Colfax Tumbles on $3.15 Billion Deal to Expand Into Orthopedics
(Bloomberg) -- Colfax Corp. dropped the most in nine months as the maker of valves and welding equipment expanded into the market for orthopedics devices by agreeing to buy DJO Global Inc. for $3.15 billion.
The purchase from private equity giant Blackstone Group LP -- Colfax’s biggest deal ever, based on data compiled by Bloomberg -- is a major foray into medical equipment for the maker of industrial pumps and valves. DJO’s products include casts and braces for fractures and other injuries, as well as far more complex surgical products, like replacement joints.
Further changes could be on the way, said Colfax Chief Executive Officer Matt Trerotola, including getting out of the air-and-gas business. Gas and fluid handling made up about 40 percent of the company’s business last year.
Colfax’s purchase comes amid tough competition in medical devices. The industry has been consolidating, as major players including Medtronic Plc and Abbott Laboratories made large acquisitions to gain scale. The deals have allowed them to offer their hospital and physician customers bigger ranges or products amid mounting pressure to wring costs out of health-care services.
Colfax dropped 9.6 percent to $25.29 at 10:12 a.m. Monday in New York, after tumbling 10 percent, the most intraday since February. The stock had lost 20 percent in the 12 months through Nov. 16, while the Russell 1000 Index gained 6.4 percent.
Colfax, based in Annapolis Junction, Maryland, said it plans to finance the purchase with about $100 million of cash from its balance sheet as well as debt, including a possible offering of new borrowing. The company had $1.14 billion in debt at the end of the third quarter, and its debt-to-earnings ratio is higher than that of its peers, according to data compiled by Bloomberg.
Standard & Poor’s put Colfax’s BB+ debt on credit watch with negative implications.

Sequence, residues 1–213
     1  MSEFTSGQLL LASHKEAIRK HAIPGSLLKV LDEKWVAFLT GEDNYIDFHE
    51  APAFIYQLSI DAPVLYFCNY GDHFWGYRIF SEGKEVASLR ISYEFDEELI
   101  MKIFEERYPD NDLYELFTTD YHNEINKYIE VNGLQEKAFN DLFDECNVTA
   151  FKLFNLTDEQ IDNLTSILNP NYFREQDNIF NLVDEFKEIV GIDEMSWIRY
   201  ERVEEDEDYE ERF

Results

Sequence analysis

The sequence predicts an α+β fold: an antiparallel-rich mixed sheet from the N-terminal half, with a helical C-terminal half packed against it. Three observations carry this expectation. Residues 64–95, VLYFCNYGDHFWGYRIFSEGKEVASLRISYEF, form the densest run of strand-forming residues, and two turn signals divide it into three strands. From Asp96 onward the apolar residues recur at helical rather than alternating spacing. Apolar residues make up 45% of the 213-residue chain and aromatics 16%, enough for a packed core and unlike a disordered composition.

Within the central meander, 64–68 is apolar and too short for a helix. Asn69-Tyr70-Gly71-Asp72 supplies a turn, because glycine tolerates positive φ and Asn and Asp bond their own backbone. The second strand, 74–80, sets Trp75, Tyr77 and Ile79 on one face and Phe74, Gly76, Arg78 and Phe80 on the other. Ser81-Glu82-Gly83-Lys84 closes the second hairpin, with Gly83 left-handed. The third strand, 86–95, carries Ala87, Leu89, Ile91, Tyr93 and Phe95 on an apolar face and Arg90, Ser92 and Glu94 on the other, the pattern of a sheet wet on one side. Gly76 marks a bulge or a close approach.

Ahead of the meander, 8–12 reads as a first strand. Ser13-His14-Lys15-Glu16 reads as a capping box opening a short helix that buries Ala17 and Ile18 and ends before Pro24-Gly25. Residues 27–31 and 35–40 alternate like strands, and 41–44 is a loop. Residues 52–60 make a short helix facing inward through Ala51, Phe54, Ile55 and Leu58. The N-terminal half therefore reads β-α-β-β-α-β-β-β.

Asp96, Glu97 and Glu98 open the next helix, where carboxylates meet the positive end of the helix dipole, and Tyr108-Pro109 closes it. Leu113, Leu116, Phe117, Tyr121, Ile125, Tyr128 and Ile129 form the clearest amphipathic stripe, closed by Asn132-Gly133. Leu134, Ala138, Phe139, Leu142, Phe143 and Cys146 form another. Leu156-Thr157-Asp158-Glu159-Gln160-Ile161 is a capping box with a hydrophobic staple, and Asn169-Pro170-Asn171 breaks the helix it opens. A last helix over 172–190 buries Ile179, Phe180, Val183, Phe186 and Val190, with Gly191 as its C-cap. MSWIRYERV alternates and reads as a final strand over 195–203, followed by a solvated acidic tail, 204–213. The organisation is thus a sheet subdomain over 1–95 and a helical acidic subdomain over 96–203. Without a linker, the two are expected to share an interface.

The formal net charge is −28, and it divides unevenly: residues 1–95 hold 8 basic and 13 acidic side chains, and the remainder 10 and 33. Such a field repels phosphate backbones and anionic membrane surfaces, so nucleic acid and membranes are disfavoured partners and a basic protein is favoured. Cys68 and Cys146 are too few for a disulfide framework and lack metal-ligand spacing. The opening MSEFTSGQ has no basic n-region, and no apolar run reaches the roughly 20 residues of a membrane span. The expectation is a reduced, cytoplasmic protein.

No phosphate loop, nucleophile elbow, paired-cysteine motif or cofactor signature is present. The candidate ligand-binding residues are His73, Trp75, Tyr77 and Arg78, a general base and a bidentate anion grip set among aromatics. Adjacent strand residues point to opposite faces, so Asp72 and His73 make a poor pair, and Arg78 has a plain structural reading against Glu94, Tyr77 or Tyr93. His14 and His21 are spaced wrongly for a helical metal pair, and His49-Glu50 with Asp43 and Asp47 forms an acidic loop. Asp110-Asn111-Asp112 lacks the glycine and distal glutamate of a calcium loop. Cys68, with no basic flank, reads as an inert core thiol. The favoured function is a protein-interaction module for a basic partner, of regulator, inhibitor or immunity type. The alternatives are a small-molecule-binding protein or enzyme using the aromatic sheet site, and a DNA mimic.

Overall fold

“We are committed to reducing leverage and restoring balance-sheet flexibility near-term and will explore strategic options for our Air and Gas Handling business,” Trerotola said in a statement. The segment has suffered as China tightened environmental regulations on coal-fueled power plants.
Trerotola and several other Colfax executives have experience in medical technology from Danaher Corp., Joseph Giordano, an analyst at Cowen & Co., said in a note to investors.
The ability to bolt on to the welding business “and move more deeply into med tech should help to balance exposure and provide access to cycles across multiple markets,” wrote Giordano, who has an outperform rating on Colfax’s shares.
Colfax is also considering an offering of $500 million to $700 million of equity or equity-linked securities to finance the deal. J.P. Morgan and Credit Suisse have committed to provide bridge financing.
DJO, based in Vista, California, generated $1.2 billion in revenue and earnings before interest, taxes, amortization and depreciation of $269 million in the 12 months through September, Colfax said.
The transaction is expected to close in the first quarter of 2019.
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